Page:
July 25, 2012

The #1 Thing That Creates Loyal Customers

The #1 Thing That Creates Loyal Customers

It would almost seem comical to limit something as important as customer loyalty to a single defining factor.

It would seem even more ludicrous to claim that there is "1 defining thing" that creates superstar customers who become self-appointed advocates for your brand.

It would seem comical: but that's before you consider the research on the matter that definitively says there is ONE essential element to creating loyal customers.

Do you know what it is?

If not, you're about to find out!

Revealed: The Social Construct that Holds Society Together

Stay with me here, you're not about to read a treatise on the rise of civilization.

The #1 thing that creates loyalty in anybody (that includes your customers) is the social construct of Reciprocity.

Reciprocity is a social norm that's been evaluated and debated since the days of Aristotle, and it has been said by many scholars to be one of the single defining aspects of social interaction that keeps society whole.

Why is it so important?

Additionally, how can it help us create loyal customers?

Why Reciprocation is Ingrained in Our Brains

Behavioral psychologists and historians have uncovered a lot of evidence that the process of giving and taking "fairly" seems to be apart of a massive majority of normally functioning people.

The classic anthropological example of reciprocity in early society is the Kula exchange, where indigenous peoples in the Trobriand islands where found to travel for hundreds of miles via canoe to trade goods with other towns (with a very distinct set of trading rules participants had to abide by).

In Prof. Robert Cialdini's now infamous Influence: The Psychology of Persuasion, he notes that:

The impressive aspect of reciprocation with its accompanying sense of obligation is its pervasiveness in human culture.

It is so widespread that, after intensive study, Alvin Gouldner (1960), along with other sociologists, reported that all human societies subscribe to the rule.

Within each society it seems pervasive also; it permeates exchanges of every kind.”

The point: Reciprocity is likely something that has evolved in the human brain in order to keep a majority of transactions "fair".

We often feel obligated to return favors, even if they are unasked for.

This is the ultimate reason why great customer service has such a fantastic ROI (return on investment).

Human beings are wired to follow the rule of reciprocity, and now that you understand it's importance, we can discuss how to use it to create incredibly loyal customers.

How to Use Reciprocity to Create Loyal Customers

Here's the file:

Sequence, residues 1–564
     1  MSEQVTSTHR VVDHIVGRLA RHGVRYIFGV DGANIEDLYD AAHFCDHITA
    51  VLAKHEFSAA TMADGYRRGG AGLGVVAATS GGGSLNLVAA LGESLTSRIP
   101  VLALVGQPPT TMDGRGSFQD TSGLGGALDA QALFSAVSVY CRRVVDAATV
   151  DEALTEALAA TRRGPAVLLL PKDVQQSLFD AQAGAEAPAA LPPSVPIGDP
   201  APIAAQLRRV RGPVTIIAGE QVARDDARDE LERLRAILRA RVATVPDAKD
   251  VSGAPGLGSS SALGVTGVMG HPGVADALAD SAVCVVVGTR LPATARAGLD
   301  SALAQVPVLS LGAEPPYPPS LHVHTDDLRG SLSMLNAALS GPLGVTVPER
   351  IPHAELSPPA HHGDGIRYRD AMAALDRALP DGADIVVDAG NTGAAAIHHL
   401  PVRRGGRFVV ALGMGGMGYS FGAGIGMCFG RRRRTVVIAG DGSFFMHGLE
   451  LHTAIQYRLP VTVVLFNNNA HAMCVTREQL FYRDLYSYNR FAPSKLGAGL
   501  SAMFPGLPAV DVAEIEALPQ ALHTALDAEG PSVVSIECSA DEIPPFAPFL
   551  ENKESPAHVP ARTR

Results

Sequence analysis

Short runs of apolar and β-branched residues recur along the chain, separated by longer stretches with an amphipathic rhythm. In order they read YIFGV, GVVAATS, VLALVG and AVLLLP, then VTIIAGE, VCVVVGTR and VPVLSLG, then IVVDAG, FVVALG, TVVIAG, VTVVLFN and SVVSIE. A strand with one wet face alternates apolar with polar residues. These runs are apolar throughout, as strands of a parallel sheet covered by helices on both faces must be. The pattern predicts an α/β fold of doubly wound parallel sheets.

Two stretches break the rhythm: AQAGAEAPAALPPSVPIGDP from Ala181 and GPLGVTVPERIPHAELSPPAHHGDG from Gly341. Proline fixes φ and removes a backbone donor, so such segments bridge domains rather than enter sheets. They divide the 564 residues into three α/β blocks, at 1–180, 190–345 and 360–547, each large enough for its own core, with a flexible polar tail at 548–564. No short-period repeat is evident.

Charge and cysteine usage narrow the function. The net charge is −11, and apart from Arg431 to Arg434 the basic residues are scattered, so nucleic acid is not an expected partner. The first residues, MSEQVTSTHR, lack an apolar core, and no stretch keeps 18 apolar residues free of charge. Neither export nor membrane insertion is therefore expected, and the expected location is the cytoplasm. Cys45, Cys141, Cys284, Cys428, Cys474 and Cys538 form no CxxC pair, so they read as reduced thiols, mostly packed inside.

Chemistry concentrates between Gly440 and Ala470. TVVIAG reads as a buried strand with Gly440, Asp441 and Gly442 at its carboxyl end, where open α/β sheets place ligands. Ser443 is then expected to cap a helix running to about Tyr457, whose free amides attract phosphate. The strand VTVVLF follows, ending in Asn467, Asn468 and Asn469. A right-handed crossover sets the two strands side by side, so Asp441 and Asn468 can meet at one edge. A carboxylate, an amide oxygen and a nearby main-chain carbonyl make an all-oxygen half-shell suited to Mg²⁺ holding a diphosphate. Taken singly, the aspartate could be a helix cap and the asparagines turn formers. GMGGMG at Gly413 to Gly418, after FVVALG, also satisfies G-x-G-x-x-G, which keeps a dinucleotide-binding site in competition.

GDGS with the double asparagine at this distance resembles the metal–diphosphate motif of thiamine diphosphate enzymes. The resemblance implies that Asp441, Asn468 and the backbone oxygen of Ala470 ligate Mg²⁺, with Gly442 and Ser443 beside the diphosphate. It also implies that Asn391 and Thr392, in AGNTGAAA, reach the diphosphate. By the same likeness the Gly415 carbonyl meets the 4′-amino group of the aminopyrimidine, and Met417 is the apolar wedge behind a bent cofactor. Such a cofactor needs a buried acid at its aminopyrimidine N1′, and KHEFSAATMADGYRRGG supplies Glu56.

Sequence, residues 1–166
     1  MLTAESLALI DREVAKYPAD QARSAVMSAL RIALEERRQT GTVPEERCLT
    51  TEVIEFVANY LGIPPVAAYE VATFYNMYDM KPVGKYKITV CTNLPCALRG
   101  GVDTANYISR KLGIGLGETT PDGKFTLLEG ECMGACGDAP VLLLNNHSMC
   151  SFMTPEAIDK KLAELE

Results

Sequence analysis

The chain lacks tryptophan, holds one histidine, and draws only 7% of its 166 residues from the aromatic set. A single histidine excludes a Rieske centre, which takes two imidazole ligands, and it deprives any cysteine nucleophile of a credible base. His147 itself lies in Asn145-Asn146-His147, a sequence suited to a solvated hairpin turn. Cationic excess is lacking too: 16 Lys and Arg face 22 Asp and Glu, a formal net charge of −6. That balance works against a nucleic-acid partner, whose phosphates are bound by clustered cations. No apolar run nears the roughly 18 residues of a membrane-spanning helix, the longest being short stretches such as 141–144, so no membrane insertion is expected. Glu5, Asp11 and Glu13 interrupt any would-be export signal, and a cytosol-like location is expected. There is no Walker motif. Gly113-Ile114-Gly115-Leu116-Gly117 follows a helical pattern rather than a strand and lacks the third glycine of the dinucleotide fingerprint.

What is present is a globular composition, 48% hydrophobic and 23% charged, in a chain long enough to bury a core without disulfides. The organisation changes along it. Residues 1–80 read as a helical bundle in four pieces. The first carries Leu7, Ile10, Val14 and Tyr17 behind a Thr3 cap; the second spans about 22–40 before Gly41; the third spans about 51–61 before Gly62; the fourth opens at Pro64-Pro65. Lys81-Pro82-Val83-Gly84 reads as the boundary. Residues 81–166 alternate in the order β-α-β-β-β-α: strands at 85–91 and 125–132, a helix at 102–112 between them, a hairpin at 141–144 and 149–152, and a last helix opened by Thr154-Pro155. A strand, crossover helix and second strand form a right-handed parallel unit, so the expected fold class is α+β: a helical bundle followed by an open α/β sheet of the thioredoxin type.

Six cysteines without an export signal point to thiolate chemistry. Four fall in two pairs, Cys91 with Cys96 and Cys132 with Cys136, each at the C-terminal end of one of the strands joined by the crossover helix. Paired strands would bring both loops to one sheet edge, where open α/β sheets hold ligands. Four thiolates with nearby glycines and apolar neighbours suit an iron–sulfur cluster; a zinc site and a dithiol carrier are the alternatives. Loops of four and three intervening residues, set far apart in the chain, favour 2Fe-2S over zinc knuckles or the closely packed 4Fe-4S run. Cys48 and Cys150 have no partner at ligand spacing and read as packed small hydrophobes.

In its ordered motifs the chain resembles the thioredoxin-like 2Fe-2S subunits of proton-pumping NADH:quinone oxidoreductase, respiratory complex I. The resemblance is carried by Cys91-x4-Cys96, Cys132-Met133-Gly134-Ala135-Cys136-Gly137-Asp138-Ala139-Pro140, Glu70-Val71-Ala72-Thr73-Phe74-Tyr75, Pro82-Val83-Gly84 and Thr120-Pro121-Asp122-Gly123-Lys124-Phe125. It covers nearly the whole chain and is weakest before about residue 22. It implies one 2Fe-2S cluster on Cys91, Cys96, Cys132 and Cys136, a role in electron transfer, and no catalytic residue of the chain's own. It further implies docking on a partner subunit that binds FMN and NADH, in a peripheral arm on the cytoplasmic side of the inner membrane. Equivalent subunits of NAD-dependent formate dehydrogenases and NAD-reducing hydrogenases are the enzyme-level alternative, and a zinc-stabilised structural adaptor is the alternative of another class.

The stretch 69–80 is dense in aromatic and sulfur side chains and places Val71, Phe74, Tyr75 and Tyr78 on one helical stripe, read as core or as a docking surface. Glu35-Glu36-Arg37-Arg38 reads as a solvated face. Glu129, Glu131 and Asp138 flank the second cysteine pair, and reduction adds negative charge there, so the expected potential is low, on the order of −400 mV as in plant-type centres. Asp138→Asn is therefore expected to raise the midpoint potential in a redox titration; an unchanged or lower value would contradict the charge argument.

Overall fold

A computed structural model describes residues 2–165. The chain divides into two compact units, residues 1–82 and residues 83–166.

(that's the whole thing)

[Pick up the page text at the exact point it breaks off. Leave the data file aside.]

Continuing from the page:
Learning about the psychology of reciprocity is fun and all, but it means nothing if you can't apply it to your actual business.

Fortunately, the application of reciprocity is very practical (and already practiced by top companies around the world).

Let's dig in, shall we?

The first thing you need to know is that reciprocity comes in 3 different forms:

  1. One-to-one
  2. One-to-many (or many-to-one)
  3. General reciprocity

I highlighted the one-to-one form because that's the one you need to master: interaction with customers is typically a very isolated experience, that is, you tend to deal with them individually, even if they have similar issues.

Winning customers over starts with winning their thanks on individual terms.

Although technology allows you to scale the process, the fact is this: people remember acts of kindness more readily when it feels personal.

Got that? Good! :)

The second thing you need to know is that reciprocity can be handled in two different ways:

  1. Through subtle gestures (aka surprise reciprocity)
  2. Through obvious gestures (aka trumpeted reciprocity)

Wouldn't it be awesome if I finally got to some concrete examples?

Of course it would! ;)

1. How to Utilize Surprise Reciprocity

Have you ever ordered an item that you really wanted online, and as soon as you hit the buy button, you got that (positive) anxious feeling of, "I can't wait until it gets here!"

What if that item showed up on your doorstep the next day?

You'd be pretty overjoyed, right?

Of course!

Zappos recognizes that feeling, and it's done everything it can to give it to each and every Zappos customer.


Did you know that while regular Zappos shipping states the item will be delivered in "3-4 days", Zappos automatically upgrades all customers to priority shipping... without as much as a single mention on the checkout or order page?

Why would they do this?

Simple: As a company that largely began it's growth through word of mouth, Zappos understands that it pays to surprise people.

Zappos CEO Presentation (Slide 1)

If the upgraded shipping was mentioned on the sales page, it would've become the norm; that feeling of placing your first order on Zappos and having it surprisingly end up at your house the next day wouldn't exist: people would just expect it.

As a company known for it's legendary customer service, it shouldn't be any surprise that Zappos doesn't mind the incurred cost of this extra perk.

The process of reciprocity begins here for most new Zappos customers, and there's nothing quite like getting "WOWed" on your very first order, after all, first impressions mean a lot.

The research points to this being a universal truth in social interaction and reciprocity: small surprises that feel like they were "just for you" can spawn some incredibly strong goodwill from the receiver.